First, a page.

English Expressions – Bring and Take
In this Short and Sweet episode you will learn some common English Expressions using the verbs we learnt in the previous episode, number 50 (bring and take). Try repeating the expressions you hear so you can learn them faster. Enjoy :)
Hey guys, you are listening to episode number 51, Numero cincuenta y uno (51).
Hello, hola everyone,, my name is Milena from englishmadesimple.net. How is it hanging? What’s shaking? What have you been up to? Those are just some different ways of saying, How are you? How is it hanging? What’s shaking? Those two are more informal, you should use them with your friends!
In this short and sweet episode e are going to learn some new vocabulary, we are going to bring down the house, we are going to learn some new words so you can start using immediately and impress people.
Primarily we will learn some new English sayings using the verbs bring and take. You know the ones we’ve learnt in the last episode 50. We are now going to put them into practise. We will use them in some examples together with Spanish translations. So you can remember them easily.
Hope you guys had a great week! Let’s cut the small talk and begin this episode.
Let’s start with the word TAKE.
The word Take is one of the most frequently used words in the English language, it’s used a lot… same as the word Get. Hmm….The word, get, sounds very familiar! And that’s because we learnt about the word Get in episode #16. Go and check it out, if you haven’t listened to that episode before, check it out if you are curious, go back and listen to episode number 16. Awesome!
Ok? Let’s move on.
Now, I think there are about 50 expressions that would use this word take. And guess what, we used one expression last week. In the last short and sweet episode: To take something for
granted. Darlo por hecho, darlo por sentido. We learnt this last week.
Let’s start off with the word, BRING because I only have 2 expression using the word BRING Traer, because I don’t tend to use expressions with the word bring that often. I use the phrasal verbs a lot. There are many phrasal verbs with the verb BRING and you will also learn them in the next episode on Sunday, These phrasal verbs are quite important, they are used on a regular basis, so it’s very important that you listen to the next episode.
The first phrase I want you to learn:
Bring something out in the open or even to get something out in the open, (TRAER O SALIR A LA LUZ PÚBLICA) – it means to reveal a secret. For example, tell me what’s bothering you? Let’s bring it out in the open and talk about it.
The next expression, using the verb BRING:
To bring down the house (ECHAR LA CASA ABAJO, VENIRSE ABAJO) – I used this expression just in my introduction.. It’s an informal expression. You will hear it in songs too, and movies, like pop or rock songs or Justin Bieber. It is actually an informal expression.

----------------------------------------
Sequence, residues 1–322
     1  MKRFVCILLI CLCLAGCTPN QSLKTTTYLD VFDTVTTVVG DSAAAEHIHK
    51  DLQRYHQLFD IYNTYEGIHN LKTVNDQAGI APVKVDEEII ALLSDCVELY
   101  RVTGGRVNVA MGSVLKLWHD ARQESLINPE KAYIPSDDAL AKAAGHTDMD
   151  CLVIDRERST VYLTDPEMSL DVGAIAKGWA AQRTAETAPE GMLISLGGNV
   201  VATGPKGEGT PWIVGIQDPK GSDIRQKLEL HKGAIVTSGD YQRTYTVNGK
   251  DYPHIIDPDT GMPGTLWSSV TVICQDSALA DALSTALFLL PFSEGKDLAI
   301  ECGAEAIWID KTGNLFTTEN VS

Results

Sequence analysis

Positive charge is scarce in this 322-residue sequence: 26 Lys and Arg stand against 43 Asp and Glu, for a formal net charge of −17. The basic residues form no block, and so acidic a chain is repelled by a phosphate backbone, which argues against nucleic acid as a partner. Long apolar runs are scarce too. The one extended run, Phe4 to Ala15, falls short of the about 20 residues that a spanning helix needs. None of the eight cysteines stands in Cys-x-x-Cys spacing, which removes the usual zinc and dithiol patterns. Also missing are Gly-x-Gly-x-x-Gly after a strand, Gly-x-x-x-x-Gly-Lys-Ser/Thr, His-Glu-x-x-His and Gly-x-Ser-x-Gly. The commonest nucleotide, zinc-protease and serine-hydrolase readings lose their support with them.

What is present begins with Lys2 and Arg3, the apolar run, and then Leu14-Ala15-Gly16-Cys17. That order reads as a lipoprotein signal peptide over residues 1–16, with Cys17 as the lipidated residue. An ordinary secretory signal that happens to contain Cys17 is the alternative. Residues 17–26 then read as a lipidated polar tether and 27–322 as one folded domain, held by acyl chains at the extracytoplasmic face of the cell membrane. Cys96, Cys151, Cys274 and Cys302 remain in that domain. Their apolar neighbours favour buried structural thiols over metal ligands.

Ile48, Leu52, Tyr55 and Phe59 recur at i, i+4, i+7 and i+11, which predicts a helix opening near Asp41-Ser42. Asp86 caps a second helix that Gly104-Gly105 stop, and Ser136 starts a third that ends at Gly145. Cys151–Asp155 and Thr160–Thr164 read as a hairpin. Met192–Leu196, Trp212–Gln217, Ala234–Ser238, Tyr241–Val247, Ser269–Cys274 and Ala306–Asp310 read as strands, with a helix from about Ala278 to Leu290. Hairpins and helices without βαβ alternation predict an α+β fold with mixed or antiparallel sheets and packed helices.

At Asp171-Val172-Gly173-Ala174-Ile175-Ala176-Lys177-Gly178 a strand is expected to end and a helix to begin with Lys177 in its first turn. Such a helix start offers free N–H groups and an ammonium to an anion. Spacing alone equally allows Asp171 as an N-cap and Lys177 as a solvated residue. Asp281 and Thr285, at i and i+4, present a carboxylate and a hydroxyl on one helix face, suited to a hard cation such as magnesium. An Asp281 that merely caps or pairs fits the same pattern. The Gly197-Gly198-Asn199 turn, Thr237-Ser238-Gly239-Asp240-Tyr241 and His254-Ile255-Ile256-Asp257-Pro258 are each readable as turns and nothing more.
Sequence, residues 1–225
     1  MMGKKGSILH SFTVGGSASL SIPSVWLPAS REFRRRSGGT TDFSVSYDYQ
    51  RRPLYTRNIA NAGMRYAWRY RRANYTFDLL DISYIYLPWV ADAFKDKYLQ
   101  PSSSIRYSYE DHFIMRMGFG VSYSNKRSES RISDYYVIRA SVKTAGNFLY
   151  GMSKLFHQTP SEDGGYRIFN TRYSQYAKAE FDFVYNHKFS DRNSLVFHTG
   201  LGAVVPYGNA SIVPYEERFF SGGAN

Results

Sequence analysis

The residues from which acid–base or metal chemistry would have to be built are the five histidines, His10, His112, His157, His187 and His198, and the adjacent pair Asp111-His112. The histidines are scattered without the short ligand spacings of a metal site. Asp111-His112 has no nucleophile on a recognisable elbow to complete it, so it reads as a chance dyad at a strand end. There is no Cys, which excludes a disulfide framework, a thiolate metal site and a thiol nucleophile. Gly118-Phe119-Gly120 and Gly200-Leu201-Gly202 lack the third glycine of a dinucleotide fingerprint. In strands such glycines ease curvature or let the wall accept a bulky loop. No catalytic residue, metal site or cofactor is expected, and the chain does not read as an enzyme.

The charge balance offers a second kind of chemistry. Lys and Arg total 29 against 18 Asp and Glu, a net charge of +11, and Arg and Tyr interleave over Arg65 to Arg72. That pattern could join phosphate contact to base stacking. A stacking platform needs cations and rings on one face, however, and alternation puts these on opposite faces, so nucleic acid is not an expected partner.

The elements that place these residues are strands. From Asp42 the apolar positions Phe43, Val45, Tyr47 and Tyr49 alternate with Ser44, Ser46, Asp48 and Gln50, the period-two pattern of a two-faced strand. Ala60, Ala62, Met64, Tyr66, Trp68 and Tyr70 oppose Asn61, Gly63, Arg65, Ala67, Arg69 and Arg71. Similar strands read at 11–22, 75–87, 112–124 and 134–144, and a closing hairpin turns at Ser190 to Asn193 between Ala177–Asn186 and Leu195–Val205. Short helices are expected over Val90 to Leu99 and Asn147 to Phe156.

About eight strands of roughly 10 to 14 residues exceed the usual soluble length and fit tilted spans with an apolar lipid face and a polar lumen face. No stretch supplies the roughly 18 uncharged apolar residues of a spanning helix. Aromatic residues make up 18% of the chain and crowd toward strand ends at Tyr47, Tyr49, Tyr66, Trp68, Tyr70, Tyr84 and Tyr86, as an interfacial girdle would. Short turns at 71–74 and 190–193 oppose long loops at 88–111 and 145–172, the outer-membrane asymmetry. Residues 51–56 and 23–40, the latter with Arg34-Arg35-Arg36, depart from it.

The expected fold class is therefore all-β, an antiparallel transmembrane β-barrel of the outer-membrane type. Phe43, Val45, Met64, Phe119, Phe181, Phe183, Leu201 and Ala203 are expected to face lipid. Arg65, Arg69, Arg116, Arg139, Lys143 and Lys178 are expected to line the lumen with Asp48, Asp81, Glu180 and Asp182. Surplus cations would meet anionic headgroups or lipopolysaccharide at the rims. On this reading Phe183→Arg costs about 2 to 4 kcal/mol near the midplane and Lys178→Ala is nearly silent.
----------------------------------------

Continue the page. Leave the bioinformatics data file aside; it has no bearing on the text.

For example, every time there is an International Comedy festival in Melbourne, I always go and see one particular comedian, he is from Venezuela and he lives in Australia. His name is Ivan Aristeguieta. I hope I said that correctly. This guy knows how to bring down the house. What this means is that he knows how to talk to the audience, he knows how to entertain the audience, he knows how to show them a great time.
So that were 2 expressions using the word Bring. If you need to listen to this episode again, you are more than welcome, you can repeat those expressions.
Now let’s learn some phrases with the word Take.
Take the plunge – I like this one, I use this one a lot – ATREVERSE, PEGARSE O DAR EL SALTO (INFORMAL), DAR EL PRIMER PASO) –
To take the plunge means – to make a start even though you feel nervous about something, you are feeling anxious about something but you decide “No, I’ll just do it!” That’s To take the plunge!
Like for example, my personal example:
I’ve decided to take the plunge and start up my podcast show, The English Made Simple Podcast. Not having any idea, any technical skills, any podcasting skills before, not having any idea where it would take me, but here I am, featured next to Tony Robbins who is a world famous life coach. Hello! How cool is that! You see, I took the plunge, I went outside of my comfort zone and I ended up next to Tony Robbins.
Take it out on someone – ok in Spanish this would be (AGARRARSELAS CON ALGUIEN, DESQUITARSE CON ALGUIEN)
Hopefully I said that correctly, It’s hard to pronounce that word.
To take it out on someone is to give vent to your frustration, by being unpleasant to someone. Rant about something, to talk angrily and passionately about something that bothers you.
Here is an example: If I have a bad day at work, I will take it out on my husband. He just looks at me and stares at me and listens and waits for me to finish, because he is a gentleman…you know. He is not going to scream at me, I am just gonna scream at him.
I’ve got one more expression:
Take one’s breath away (QUITAR O DEJAR SIN ALIENTO)
If something takes your breath away, it is extremely beautiful.
I love using Star Wars as an example.
Chewbacca from Star Wars took my breath away. He is so beautiful.
Not really, we would use it with someone who is really beautiful. Like an actress or a singer, or a supermodel. Or your boyfriend, your girlfriend. Someone who takes your breath away. Because they are so handsome or they are so beautiful.
So here we are my beautiful people, we have reached the end of the show! Hope you had fun and hope you learnt something new today!
Those were the expressions you can start practising today, they are there for the taking. You can take it or leave it. Tómalo o Déjalo. Another saying!
Well, it’s been great hanging out with you guys. See you next time! Hasta la proxima!